We modeled what would happen in various scenarios. We have 2 qualified and one unqualified pensions to deal with, each of which will revert to the Single Life Annuity level if the spouse dies. We set the largest one to pay out at the same level if the "earner" dies, and the other 2 revert to 50% if the "earner" dies. It was fun with Excel to figure it all out.

This is kind of like other situations when trying to plan without knowing longevity in advance. It's not good enough to play the odds, you have to look at each situation, and if one of them is intolerable you make sure to avoid it. Losing 100% of the largest pension was intolerable for us, so we have avoided that possibility.

Of course both spouses have to be involved, and the spouse will in all cases I know of have to sign off on any plan that leaves them with less than 50% of the pension if the earner dies. Sometimes communication is poor, there are always those cases where the spouse signed papers without reading them and was stunned to be left without income after a death. Don't be that guy, be involved in the planning up front.
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dm200
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Re: How to Split Pension

Post by dm200 »

I would probably go for the 50/50 split. Pension income is very protected from judgments and bad investment decisions. A $500 per month reduction does not seem that much for long term risk reduction ($2,000 vs $2,500)

If she predeceases you, your living costs will probably (depending on circumstances) not drop that much.

I told my wife that if she predeceased me, I would need money for dating. She did not think it was "funny".
2cents2
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Re: How to Split Pension

Post by 2cents2 »

I concur with the advice to do an income stream analysis with and without the survivor benefit.

DH and I elected to do the full survivor benefit for each other. (For us) It was an expensive reduction, but I didn't really see any product that would provide comparable protection. We take less, but we also have a lot more certainty in the future. Insurance companies can use averages (average life span) because they have a large cohort. You have to protect yourself to the extremes when you are self insuring.


Another way of looking at it.... If you predecease your DW--then it won't matter (you won't know it was the wrong decision to take the reduced pension). On the other hand, if your DW predeceases without the survivor benefit you will know it was the wrong decision.... :oops:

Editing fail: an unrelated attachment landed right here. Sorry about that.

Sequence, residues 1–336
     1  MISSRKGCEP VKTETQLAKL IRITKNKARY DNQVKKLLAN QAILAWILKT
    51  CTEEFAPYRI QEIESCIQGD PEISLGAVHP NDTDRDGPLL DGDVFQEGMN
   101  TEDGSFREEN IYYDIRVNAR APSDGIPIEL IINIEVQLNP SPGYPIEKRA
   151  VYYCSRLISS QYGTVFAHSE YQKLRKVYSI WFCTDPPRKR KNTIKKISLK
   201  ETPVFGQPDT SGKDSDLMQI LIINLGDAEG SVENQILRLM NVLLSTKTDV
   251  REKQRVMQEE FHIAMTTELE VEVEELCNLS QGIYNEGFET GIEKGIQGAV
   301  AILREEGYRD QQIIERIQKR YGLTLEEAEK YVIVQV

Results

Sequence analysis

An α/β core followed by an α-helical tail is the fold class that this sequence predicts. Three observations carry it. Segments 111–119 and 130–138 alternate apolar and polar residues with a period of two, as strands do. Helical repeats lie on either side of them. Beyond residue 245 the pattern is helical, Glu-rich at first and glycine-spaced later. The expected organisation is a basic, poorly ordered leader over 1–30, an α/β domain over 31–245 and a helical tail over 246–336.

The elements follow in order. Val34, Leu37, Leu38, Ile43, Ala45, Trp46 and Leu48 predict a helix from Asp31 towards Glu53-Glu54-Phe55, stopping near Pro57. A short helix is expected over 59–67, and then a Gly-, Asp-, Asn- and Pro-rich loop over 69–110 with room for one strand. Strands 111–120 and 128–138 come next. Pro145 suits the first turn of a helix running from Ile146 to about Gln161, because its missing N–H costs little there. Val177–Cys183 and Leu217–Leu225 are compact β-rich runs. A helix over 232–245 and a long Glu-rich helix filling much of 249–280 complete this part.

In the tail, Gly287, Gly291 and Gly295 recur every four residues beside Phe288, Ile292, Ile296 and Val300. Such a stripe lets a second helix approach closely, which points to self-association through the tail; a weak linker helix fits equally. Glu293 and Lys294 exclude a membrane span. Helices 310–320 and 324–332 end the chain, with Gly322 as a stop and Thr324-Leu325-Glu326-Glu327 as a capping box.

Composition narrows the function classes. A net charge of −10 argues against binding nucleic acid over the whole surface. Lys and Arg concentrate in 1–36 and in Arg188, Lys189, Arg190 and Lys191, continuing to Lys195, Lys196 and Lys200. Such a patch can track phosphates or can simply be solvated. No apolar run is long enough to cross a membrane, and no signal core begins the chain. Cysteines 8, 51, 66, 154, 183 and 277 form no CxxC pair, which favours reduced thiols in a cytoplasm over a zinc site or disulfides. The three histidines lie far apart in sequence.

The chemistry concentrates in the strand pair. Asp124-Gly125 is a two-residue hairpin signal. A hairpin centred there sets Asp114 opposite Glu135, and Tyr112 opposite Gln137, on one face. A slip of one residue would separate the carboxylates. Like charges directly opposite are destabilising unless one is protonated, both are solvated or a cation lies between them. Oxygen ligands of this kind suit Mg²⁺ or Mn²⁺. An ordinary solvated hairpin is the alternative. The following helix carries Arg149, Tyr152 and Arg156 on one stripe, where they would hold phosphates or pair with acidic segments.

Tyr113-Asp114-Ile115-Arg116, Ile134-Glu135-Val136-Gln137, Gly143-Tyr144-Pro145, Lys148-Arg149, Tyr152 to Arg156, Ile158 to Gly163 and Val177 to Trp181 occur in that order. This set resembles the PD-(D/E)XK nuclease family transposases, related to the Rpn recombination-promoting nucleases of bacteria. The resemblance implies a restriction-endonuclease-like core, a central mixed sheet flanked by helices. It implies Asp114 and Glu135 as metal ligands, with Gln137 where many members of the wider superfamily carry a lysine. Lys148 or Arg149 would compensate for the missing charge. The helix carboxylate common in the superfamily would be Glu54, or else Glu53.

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dm200
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Re: How to Split Pension

Post by dm200 »

One way of looking at this is to ask the spouse:

WE can get $2,500 a month as long as I am alive, If I die first, possibly a month after getting that first $2,500 check, then YOU will get nothing.
OR, WE can get $2,000 a month as long as either of us is alive.


Which do YOU want?

Put this way, I would strongly believe the latter. I would hardly call $2,000 a month for retiree joint life the "wrong" decision or that (whatever happens) that anyone "loses".
inbox788
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Re: How to Split Pension

Post by inbox788 »

Did they provide a Relative Values Notice?

I'd start with the default of highest payment and see how you'd manage if she passed before you did. You might consider 50% or 75% survival benefits as well for a lesser difference if that's what's needed.

Once you get a lump sum number, compare it to what type of annuity you could buy. I'm guessing the pension annuity will be the better offer.
robertalpert
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Re: How to Split Pension

Post by robertalpert »

When I retired, we chose the option with 100% of the joint pension going to the surviving spouse (with pop-up). Meaning that surviving spouse gets 100% of our joint pension. If the worker survives the spouse, then surviving worker's pension pops up to the originally single annuity. This is the only way I would consider doing it.
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Re: How to Split Pension

Post by RubyTuesday »

Not an ERISA lawyer, nor an actuary, but I believe the a qualified plan has to have the qualified joint and survivor payment form as the highest actuarial value. The plan should be required to tell you the relative values. Take into account any health issues you know about in your or your families' history, think about coordination with any other pensions, and go through some scenarios. COLA is a pretty big value.
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BetaTracker
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Re: How to Split Pension

Post by BetaTracker »